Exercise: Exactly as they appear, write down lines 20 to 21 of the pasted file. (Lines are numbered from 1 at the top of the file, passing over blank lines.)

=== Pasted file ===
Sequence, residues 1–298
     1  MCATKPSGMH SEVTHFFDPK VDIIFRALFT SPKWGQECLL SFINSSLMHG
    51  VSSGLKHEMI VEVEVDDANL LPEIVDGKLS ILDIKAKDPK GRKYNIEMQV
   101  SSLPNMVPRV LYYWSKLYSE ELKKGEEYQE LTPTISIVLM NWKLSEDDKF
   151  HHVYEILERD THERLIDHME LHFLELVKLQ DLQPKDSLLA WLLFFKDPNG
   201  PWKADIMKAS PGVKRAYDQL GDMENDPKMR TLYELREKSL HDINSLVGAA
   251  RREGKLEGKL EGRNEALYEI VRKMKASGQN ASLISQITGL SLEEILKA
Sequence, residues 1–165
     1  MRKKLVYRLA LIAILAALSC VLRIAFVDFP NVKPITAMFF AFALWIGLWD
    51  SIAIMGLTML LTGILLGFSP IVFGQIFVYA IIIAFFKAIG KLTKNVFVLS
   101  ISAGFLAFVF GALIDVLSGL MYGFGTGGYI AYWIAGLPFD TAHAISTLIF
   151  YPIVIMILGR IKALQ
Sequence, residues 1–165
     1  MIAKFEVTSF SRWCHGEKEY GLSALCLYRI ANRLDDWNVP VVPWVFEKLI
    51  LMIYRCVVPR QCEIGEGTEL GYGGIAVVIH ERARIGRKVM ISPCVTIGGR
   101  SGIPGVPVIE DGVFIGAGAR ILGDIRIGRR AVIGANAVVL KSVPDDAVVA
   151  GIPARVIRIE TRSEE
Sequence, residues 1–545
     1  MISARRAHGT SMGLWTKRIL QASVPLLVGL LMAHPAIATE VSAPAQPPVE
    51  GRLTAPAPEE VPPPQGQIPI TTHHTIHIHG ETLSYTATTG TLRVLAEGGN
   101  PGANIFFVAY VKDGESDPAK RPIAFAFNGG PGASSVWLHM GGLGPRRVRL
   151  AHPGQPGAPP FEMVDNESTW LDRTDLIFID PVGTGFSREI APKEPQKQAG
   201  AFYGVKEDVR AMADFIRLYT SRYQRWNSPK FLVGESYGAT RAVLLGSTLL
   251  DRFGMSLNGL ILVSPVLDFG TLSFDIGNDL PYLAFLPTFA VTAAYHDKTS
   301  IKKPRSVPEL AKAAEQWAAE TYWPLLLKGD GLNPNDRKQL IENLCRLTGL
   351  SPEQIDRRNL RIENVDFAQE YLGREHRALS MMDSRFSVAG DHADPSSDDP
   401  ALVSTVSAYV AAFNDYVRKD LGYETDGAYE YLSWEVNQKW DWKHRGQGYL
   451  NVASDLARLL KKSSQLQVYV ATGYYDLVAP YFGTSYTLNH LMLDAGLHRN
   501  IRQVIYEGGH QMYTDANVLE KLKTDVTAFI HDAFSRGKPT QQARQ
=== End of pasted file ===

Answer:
    51  GRLTAPAPEE VPPPQGQIPI TTHHTIHIHG ETLSYTATTG TLRVLAEGGN
   101  PGANIFFVAY VKDGESDPAK RPIAFAFNGG PGASSVWLHM GGLGPRRVRL